A. Most people make energy investment decisions based on installed cost and expected savings. Unfortunately, these are not as simple to predict as they might first appear. Cost estimates depend on the caliber of materials, quality of the contractor selected, and many design details. Savings for a combination of energy efficiency usually measures less than for each measure taken individually. And certain decisions require a fairly elaborate consideration of local weather and weather variability. Therefore, always check cost and savings estimates from several sources before making your final decision. For example, you might contact a Georgia Power representative, your service technician and equipment suppliers or contractors to estimate the likely costs and savings associated with making energy improvements to your home. Consider having a BPI Assessment done on your home by a Georgia Power Program Participating Contractor.  Taking advantage of Georgia Power’s free in-home energy audit can help you determine where and how you can make the most cost-effective, energy-saving and improvements.

 

Find out more about conducting a Free In-Home Energy Audit or Online Energy Checkup.

 
Q. Where can I recycle my used CFLs?

Posted on August 2012

A. CFLs contain a small amount of mercury and should be disposed of properly, ideally by recycling. Georgia Power has partnered with The Home Depot to offer recycling for compact fluorescent light bulbs at the retailer’s stores in Georgia. For more information about the CFL recycling program, visit www.ecooptions.homedepot.com.

Georgia Power sponsors in-store bins at all 88 The Home Depot locations in the state, which creates the state’s most widespread recycling program for CFLs. To find a The Home Depot location near you, visit www.homedepot.com/StoreFinder, or search for other locations to recycle your CFLs on www.lamprecycle.org.

 

A. Unless you’re using an open burner range or a wok range, electric cooking is faster.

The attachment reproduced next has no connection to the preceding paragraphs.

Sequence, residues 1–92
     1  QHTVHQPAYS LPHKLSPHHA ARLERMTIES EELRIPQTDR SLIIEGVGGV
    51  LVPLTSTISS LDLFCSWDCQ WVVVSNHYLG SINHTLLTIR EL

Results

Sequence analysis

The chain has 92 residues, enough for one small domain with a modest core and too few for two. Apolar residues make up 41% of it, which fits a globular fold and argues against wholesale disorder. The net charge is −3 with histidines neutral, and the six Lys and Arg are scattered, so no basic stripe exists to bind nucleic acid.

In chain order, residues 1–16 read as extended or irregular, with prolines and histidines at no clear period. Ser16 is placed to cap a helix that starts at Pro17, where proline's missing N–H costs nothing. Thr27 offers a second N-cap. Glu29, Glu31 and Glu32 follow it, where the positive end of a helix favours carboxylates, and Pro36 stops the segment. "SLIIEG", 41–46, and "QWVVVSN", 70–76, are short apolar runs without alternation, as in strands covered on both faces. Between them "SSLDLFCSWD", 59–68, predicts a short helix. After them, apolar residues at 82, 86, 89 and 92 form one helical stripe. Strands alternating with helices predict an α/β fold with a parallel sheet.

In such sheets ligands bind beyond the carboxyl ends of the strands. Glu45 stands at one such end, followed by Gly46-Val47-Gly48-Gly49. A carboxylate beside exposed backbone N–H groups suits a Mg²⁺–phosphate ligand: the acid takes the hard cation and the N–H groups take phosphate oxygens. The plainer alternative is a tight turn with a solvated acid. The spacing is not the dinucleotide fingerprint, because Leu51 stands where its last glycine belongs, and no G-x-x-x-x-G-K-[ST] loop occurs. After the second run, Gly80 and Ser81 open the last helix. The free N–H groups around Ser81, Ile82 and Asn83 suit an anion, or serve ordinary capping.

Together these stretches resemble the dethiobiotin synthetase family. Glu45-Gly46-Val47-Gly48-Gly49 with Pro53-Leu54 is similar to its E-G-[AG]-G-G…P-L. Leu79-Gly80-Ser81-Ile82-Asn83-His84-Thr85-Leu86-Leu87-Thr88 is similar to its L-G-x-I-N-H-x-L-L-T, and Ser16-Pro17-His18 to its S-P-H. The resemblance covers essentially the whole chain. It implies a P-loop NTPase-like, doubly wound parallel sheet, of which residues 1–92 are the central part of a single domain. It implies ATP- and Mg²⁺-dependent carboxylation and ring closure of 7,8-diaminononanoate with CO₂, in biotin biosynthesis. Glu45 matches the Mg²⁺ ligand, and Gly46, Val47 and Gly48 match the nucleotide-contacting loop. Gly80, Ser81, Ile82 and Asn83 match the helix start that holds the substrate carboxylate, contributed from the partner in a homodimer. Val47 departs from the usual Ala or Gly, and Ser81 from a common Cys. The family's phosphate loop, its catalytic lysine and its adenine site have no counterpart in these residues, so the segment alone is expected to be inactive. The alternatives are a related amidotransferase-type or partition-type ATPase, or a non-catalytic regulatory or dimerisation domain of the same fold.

Q. Whit is life cost analysis?

Posted on August 2012

A. Life cost analysis is a way of looking at the total cost of ownership of an appliance or home upgrade, as opposed to the initial investment or purchase price. Life costs include the impacts of inflation, the time-value of money and operating costs, such as fuel, in addition to the purchase price. For example, in selecting between two similar new refrigerators, one costing $600 and another costing $550, your initial reaction might be to purchase the less expensive model and save $50. However, by reading the EnergyGuide label, you notice that the first refrigerator costs $68 per year to operate, and the less expensive one costs $80—or $12 more per year. So, is it worth $50 initially to save $12 per year in operating costs? Earning $12 per year on an investment of $50 equates to a return-on-investment of 24% ($12/$50), much better than banks would offer.

Sometimes calculating life costs is not so easy. You may not know exactly how much a measure will cost or save and will therefore have to make estimates. To calculate the life cost of an electric appliance, you need the initial cost, the cost of energy, the annual operating costs, estimated lifetime of the appliance in years and the discount factor.

Discount factors adjust for inflation and the fact that a dollar today has more value than a dollar spent in the future because it could be invested earning interest over time. This information is entered into the following equation to estimate life cost:

LCC = price + (annual energy cost x estimated life x discount factor)

 

A. The most advanced and efficient heating and cooling system available today, a heat pump is the most economical way to keep your home comfortable year-round. The technologically advanced heat pump keeps your home warm in the winter and cool in the summer—with one amazing piece of equipment. It’s also a wise energy investment that can result in major savings on monthly energy bills for many homeowners.

You also can’t beat a heat pump for durability. In fact, heat pumps last an average of 20 years in the Southeast United States.

Heat pumps also provide added design flexibility when building a home. Since there are no flames or fumes, you won’t have to add flues or vent pipes that waste valuable closet and storage space. And because there are no flues, you’ll have more choices in where to locate the indoor part of your heat pump system.

 

A. Low-E or “low-emissivity” glazing improves home energy efficiency year-round. During warm weather, long-wave infrared radiation from outside is blocked from passing through the glass. This reduces the interior cooling load. During cold months, long-wave infrared radiation from inside the home is reflected back into the conditioned space. This lowers heat loss through the glass.

 

76 Expert Q&A